Air Force of Zimbabwe loses more aircraft as sanctions bite
The Air Force of Zimbabwe (AFZ) has confirmed the loss of a Karakorum K-8 light attack aircraft which crashed and caught fire during a training exercise ahead of prestigious aerial displays which were to be performed at this year's edition of the Zimbabwe InternationalTrade Fair (ZITF).
The business exhibition takes place annually at the end of April in
the country's second largest city of Bulawayo. The K-8 jet is one of
12 (six attack and six trainer) aircraft which were acquired from
Chinese aircraft manufacturer Hongdu Aviation Industry Corporation
(HAIC) in 2006 to augment the AFZ fleet. It was decimated by
Democratic Republic of Congo (DRC) rebels and their Rwandan and Uganda
army allies who fought the Kinshasa government of the late President
Laurent Kabila and his Southern Africa Development Community (SADC)
allies to a stalemate during the costly 1998-2002 Congolese war.
Although the Zimbabwe Defence Forces (ZDF) has never revealed its
actual DRC war losses to date, military sources say the war severely
depleted the force in both men and equipment, especially aircraft. The
crash comes less than a year after the loss of a SIAI Marchetti
SF-260 trainer which crashed during a routine training exercise in
September last year following a botched take-off from the Prince
Charles Airport in Harare.
The accident was attributed to a mechanical fault and the plane was
written -off due to the ground impact and the resultant fire which
engulfed it. The SF-260 crash was the second in three years following
an aerial mishap involving a BAE Hawk trainer aircraft which developed
a technical fault and almost plunged into a crowds which was
attending a funeral presided over by President Robert Mugabe at the
National Heroes Acre in Harare.
ZDF Public Relations Officer Brigadier-General John Mpande said both
pilots ejected and survived with serious injuries when the K-8 jet
crashed crashed into a populated area shortly after take-off from
Thornhill Air Base, the country's main air-base located in the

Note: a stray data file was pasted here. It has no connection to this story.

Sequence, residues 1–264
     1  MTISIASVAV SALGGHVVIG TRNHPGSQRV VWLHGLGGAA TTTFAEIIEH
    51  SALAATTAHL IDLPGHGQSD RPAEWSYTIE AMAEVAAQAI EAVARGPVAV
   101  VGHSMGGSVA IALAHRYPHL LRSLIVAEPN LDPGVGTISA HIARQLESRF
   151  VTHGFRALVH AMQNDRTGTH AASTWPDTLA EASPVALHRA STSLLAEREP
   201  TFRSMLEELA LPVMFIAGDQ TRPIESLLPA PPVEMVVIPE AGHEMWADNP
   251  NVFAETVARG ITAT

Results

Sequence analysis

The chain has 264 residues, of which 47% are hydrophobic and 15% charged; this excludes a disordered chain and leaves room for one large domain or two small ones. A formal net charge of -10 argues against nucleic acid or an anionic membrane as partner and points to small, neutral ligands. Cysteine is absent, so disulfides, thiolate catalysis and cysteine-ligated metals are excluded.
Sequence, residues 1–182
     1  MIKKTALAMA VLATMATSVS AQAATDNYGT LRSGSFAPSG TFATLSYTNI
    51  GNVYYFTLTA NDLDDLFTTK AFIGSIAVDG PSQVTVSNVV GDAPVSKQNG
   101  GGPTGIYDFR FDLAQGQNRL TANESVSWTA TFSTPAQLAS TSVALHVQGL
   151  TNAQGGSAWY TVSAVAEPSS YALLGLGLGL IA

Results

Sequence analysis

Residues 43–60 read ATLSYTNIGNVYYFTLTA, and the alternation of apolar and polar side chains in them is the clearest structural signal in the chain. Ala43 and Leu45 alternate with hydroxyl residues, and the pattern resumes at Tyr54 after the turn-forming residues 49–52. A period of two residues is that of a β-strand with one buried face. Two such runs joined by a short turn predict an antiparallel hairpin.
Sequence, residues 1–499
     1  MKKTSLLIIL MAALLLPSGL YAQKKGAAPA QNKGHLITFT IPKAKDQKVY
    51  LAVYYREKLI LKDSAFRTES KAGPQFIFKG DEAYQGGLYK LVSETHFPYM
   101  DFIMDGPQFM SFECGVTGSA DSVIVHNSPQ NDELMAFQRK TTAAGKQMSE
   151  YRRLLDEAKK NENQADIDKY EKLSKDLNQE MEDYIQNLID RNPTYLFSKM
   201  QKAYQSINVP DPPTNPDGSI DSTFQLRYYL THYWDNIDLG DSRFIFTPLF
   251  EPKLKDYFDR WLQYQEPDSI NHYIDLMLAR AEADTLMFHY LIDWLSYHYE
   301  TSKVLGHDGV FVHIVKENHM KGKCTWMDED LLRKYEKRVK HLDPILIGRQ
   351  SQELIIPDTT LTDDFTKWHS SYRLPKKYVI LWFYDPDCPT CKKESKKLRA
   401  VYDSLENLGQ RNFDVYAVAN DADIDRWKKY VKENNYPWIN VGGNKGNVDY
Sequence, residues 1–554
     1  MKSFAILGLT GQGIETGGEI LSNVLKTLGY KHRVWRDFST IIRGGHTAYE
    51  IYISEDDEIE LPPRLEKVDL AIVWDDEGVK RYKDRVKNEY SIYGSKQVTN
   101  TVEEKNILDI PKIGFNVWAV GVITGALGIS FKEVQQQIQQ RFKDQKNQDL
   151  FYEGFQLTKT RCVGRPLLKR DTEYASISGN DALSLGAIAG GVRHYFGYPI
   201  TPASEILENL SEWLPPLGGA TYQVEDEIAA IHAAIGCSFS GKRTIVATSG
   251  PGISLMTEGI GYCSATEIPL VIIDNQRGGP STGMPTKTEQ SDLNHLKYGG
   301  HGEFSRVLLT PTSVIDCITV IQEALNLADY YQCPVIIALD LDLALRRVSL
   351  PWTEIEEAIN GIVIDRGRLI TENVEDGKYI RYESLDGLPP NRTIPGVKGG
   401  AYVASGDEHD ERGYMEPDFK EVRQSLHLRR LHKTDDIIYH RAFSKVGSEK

Midlands city of Gweru on April 23. He said the exact cause of the
accident was still being probed although there are preliminary
indications that it was caused by a mechanical fault.
“The Commander Zimbabwe Defence Forces (ZDF) General Constantine
Chiwenga has commended the pilots for taking all precautionary
measures to save the lives of people on the ground. He has further
commended them for preventing potential damage to civilian property
during this (plane) crash,” Brig-Gen Mupande said. He said a combined
team from the AFZ, the Civil Aviation Authority of Zimbabwe (CAAZ) and
the Zimbabwe Republic Police (ZRP) is investigating the cause of the
They will be joined by air crash investigators from the Chinese
manufacturer HAIC. Although Brig-Gen Mpande declined to comment on the
extent of the damage, CAAZ investigative sources said the aircraft is
a complete write-off due to extensive fire damage and heavy impact on
hitting the ground. The crash has dealt the AFZ a huge blow amid
reports that most of the 12 K-8 light attack/trainer aircraft have
been grounded due to mechanical and technical faults which cannot be
repaired due to the lack of financial resources to acquire spare parts
and flight operations support equipment.
The K-8 single-engined advanced jet trainers and light attack aircraft
were intended to replace the aged fleet of three British-made BAE Hawk
trainers which were grounded immediately after the near-crash over the
National Heroes Acre. They were also meant to support a staged
phase-out of a fleet of old SF-260s trainers which has since outlived
them and remains in service as principal rookie trainer. The
Zimbabwean government has over the years failed to provide budgets for
the acquisition of new aircraft and critical spares parts.
It blames this on the US-led Western arms embargo imposed on the
country at the height of the country's socio-political crisis in 2002.
Late last year, AFZ commander Air Marshall Perence Shiri said in a
rare interview that Western sanctions have degraded the force's aerial
defence capacity: "The western-imposed sanctions have not spared the
AFZ when it comes to the acquisition of new aircraft, back-up spares
for aircraft, radar, aerial defence and support equipment. The
financial demands for new aircraft acquisitions, repairs and upgrades
have become too exorbitant as the country has to resort to sanctions
busting measures to acquire these,'' he said.
He said the inability to cquire new aircraft and spares has impacted
heavily on the AFZ's pilot and aircraft technician training
programmes, which have since been drastically altered to allow
recruits to complete the courses without most of the essential
training equipment. Air Marshall Shiri said the force urgently needs
money to finance the acquisition of new aircraft, spare parts, repairs
and upgrades on some of its grounded aircraft which have not yet
outlived their lifespans.
This year, the government approved a $380milion defence budget which
defence minister Sydney Sekeramayi said will be used to acquire new
aircraft among other pressing needs. The grounded AFZ inventory
includes obsolete Soviet-era MiG 23 multi-role fighters, IIyushin and
Antonov heavy air-lifters. It also has a unspecified number of
Chinese-made Chengdu J-7 fighters and Shenyang F-5 fighter and trainer
jets. Its helicopter inventory includes US-made Bell 412s, French-made
Alouette IIIs, South African-made Pumas and Russian-made Mi-24V, Mi-35
and Mi-8 Hips in transport and attack variants.